Franzen, Grisham and Other Prominent Authors Sue OpenAI

The suit, filed by the Authors Guild, accuses the A.I. company of violating the rights of authors to copyright, claiming they used their works to teach their ChatGPT chatbot.

Jodi Picoult, left, and John Grisham are among the best-selling writers who joined the class-action suit.Credit…Kieran Kesner for The New York Times, Donald Johnson for The New York Times

A number of famous novelists, like John Grisham, Jonathan Franzen and Elin Hilderbrand, are stepping up to join the legal fight against OpenAI regarding its chatbot technology as concerns about the impact of artificial intelligence into creative industries are growing.

A dozen or so authors have filed a lawsuit against OpenAI on Tuesday, claiming the company, which is supported by billions of dollars of investment from Microsoft as well as Microsoft, of infringing their copyrights through the use of their works to develop its wildly well-known ChatGPT chatbot. The lawsuit, filed in conjunction together with Authors Guild, said that Chatbots created by OpenAI now produce “derivative works” that can be a re-creation of and a summary of the books of authors and could hurt the sales of the work of authors, and that the authors were not paid nor were they notified by the company.

“The success and profitability of OpenAI are predicated on mass copyright infringement without a word of permission from or a nickel of compensation to copyright owners,” the complaint claimed.

The complaint, filed in the United States District Court for the Southern District of New York stated that even though OpenAI does not make public declarations about what works it employs to build its models, it admits to using copied material. The complaint further stated that the OpenAI’s ChatGPT can create a summary of books that contain information that is not found in reviews or anywhere else online. This suggests that the core application was fed the entire book.

Douglas Preston, a novelist who was a plaintiff in the lawsuit, admitted that he was stunned when he contacted ChatGPT to provide details about minor characters from his books, and it returned details that weren’t included in the reviews or Wikipedia entries for the novels.

“That’s when I looked at this and said, ‘My God, ChatGPT has read my books, how many of my books has it read?'” the author stated. “It knew everything, and that’s when I got a bad feeling.”

A representative of OpenAI did not respond immediately to a question for comments.

Since OpenAI launched ChatGPT on November 1, publishers, authors as well as retailers are trying to reign in the growing and disruptive growth of A.I. in the field. In the past, there has been an increase in A.I.-generated books available on Amazon, such as guides to travel and the foraging of fungi and plants, which led authorities from the New York Mycological Society to warn users to stay clear of A.I.-generated guides.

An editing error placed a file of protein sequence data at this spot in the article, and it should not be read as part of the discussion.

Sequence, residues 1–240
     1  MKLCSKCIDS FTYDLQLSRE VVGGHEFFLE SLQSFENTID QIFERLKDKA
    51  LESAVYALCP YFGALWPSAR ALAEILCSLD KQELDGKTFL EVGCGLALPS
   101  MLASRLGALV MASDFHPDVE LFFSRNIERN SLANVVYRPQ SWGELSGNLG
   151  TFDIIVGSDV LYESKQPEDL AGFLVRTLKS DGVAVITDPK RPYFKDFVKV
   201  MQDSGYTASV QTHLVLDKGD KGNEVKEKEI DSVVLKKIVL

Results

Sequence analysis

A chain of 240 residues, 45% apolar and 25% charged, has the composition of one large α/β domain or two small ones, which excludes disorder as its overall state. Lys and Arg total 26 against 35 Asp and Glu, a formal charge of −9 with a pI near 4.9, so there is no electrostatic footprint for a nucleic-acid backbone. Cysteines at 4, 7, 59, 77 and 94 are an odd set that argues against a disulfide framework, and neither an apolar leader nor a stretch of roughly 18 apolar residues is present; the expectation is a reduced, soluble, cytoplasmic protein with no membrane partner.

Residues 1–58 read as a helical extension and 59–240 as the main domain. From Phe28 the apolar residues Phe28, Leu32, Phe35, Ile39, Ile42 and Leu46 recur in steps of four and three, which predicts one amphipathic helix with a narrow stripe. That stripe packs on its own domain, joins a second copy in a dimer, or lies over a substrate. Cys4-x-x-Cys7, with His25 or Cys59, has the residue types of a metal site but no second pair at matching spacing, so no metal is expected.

Amazon has made steps to track and limit the flow of A.I.-generated books. In March, the company released the new rules for self-published writers, they must disclose if they have utilized A.I. to write their texts. It also capped the number of titles that users are able to upload to its self-publishing service every day to three. Amazon is currently not revealing the authors of its books who are made by A.I. for its clients, however it might be able to do so in the near future, as per an Amazon spokesperson.

A number of other lawsuits were brought in recent months from writers challenging OpenAI and Meta, which is the parent company behind Facebook as well as Instagram. In the month of March, Michael Chabon, Ayelet Waldman, and Matthew Klam were among a group of writers who filed a lawsuit against OpenAI and Meta as well as Meta, which also created A.I. technology, for copyright infringement.

Copyright questions surrounding A.I. are not resolved, and experts are split on whether claims of authors of infringement are valid in the courts. Some say that when an A.I. program is ingesting copied works to train its users, but then creates original works that are significantly different, then that is fair usage. Some, however, believe that the argument of the authors will prevail.

“They’ve scraped all this content and put it into their databases without asking permission — that seems like a huge grab of content,” said Edward Klaris, a lawyer who is a specialist in media and intellectual property law. “I think courts are going to say that copying into the database is an infringement in itself.”

Mary Bly, who publishes romance novels that are historical with the title Eloisa James, has said that she was a part of the Authors Guild suit because she was worried that if writers fail to define boundaries for their work, tech companies will continue to plunder and copy them.

“This lawsuit is important because it establishes a line in the sand,” she declared. “If you plan to train something in the future using my book, you have to get them licensed. You shouldn’t be able to take them as is.”

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